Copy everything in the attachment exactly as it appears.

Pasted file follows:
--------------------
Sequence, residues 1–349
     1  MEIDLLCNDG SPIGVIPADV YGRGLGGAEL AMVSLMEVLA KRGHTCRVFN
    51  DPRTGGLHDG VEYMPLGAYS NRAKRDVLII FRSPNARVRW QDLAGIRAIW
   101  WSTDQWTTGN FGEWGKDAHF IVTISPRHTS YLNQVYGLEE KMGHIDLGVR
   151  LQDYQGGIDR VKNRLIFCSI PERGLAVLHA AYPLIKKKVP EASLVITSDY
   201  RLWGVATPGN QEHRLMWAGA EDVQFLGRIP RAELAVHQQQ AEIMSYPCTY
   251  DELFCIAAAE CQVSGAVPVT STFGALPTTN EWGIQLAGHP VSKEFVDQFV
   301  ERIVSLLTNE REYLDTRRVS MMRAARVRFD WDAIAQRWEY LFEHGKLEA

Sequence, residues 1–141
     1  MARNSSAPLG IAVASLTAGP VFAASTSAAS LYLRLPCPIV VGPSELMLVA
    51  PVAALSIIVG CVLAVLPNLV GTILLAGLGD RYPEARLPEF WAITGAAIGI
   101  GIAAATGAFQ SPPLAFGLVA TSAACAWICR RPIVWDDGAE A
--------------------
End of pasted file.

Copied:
Sequence, residues 1–349
     1  MEIDLLCNDG SPIGVIPADV YGRGLGGAEL AMVSLMEVLA KRGHTCRVFN
    51  DPRTGGLHDG VEYMPLGAYS NRAKRDVLII FRSPNARVRW QDLAGIRAIW
   101  WSTDQWTTGN FGEWGKDAHF IVTISPRHTS YLNQVYGLEE KMGHIDLGVR
   151  LQDYQGGIDR VKNRLIFCSI PERGLAVLHA AYPLIKKKVP EASLVITSDY
   201  RLWGVATPGN QEHRLMWAGA EDVQFLGRIP RAELAVHQQQ AEIMSYPCTY
   251  DELFCIAAAE CQVSGAVPVT STFGALPTTN EWGIQLAGHP VSKEFVDQFV
   301  ERIVSLLTNE REYLDTRRVS MMRAARVRFD WDAIAQRWEY LFEHGKLEA

Sequence, residues 1–141
     1  MARNSSAPLG IAVASLTAGP VFAASTSAAS LYLRLPCPIV VGPSELMLVA
    51  PVAALSIIVG CVLAVLPNLV GTILLAGLGD RYPEARLPEF WAITGAAIGI
   101  GIAAATGAFQ SPPLAFGLVA TSAACAWICR RPIVWDDGAE A